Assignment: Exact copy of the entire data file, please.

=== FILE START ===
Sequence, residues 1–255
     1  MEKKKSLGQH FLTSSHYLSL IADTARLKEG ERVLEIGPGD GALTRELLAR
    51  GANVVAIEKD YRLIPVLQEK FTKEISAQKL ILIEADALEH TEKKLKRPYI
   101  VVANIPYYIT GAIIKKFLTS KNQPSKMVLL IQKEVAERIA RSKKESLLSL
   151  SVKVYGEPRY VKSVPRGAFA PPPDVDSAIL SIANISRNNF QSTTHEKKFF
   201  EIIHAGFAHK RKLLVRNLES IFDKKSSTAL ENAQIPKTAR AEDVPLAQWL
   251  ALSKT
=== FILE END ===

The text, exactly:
Sequence, residues 1–255
     1  MEKKKSLGQH FLTSSHYLSL IADTARLKEG ERVLEIGPGD GALTRELLAR
    51  GANVVAIEKD YRLIPVLQEK FTKEISAQKL ILIEADALEH TEKKLKRPYI
   101  VVANIPYYIT GAIIKKFLTS KNQPSKMVLL IQKEVAERIA RSKKESLLSL
   151  SVKVYGEPRY VKSVPRGAFA PPPDVDSAIL SIANISRNNF QSTTHEKKFF
   201  EIIHAGFAHK RKLLVRNLES IFDKKSSTAL ENAQIPKTAR AEDVPLAQWL
   251  ALSKT